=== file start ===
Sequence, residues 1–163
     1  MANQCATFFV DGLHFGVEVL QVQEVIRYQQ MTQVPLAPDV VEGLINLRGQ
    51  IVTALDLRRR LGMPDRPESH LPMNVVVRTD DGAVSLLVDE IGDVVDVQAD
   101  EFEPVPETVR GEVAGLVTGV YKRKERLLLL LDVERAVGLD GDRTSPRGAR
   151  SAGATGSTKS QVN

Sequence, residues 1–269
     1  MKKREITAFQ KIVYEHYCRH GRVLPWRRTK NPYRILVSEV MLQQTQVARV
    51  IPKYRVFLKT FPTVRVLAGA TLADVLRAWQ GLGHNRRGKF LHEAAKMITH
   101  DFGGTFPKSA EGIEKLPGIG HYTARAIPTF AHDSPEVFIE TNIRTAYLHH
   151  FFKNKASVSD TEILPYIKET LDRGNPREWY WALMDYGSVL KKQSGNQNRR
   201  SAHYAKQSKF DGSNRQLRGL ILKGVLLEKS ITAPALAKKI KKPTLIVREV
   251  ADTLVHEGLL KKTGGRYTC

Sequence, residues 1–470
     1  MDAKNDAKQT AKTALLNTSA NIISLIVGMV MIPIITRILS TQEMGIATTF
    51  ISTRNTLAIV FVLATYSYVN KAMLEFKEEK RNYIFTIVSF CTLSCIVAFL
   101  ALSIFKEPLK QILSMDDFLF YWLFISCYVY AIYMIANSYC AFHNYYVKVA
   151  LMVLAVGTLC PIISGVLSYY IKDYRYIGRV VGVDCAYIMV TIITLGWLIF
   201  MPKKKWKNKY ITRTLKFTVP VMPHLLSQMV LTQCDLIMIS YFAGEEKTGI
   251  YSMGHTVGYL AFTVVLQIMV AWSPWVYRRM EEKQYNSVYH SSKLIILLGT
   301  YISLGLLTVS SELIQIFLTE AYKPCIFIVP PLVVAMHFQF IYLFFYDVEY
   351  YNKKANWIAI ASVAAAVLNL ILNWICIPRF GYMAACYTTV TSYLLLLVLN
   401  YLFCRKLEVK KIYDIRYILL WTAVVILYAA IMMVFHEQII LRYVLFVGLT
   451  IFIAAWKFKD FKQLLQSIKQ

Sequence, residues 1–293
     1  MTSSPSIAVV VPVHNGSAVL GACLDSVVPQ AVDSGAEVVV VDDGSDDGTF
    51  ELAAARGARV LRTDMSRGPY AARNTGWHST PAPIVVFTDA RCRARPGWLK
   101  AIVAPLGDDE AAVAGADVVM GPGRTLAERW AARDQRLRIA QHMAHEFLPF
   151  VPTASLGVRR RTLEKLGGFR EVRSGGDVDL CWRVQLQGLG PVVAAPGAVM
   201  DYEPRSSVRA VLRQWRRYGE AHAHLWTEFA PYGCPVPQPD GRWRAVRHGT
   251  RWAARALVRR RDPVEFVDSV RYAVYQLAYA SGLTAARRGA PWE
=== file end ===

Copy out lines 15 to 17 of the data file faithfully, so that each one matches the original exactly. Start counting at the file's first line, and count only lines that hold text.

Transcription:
    51  ISTRNTLAIV FVLATYSYVN KAMLEFKEEK RNYIFTIVSF CTLSCIVAFL
   101  ALSIFKEPLK QILSMDDFLF YWLFISCYVY AIYMIANSYC AFHNYYVKVA
   151  LMVLAVGTLC PIISGVLSYY IKDYRYIGRV VGVDCAYIMV TIITLGWLIF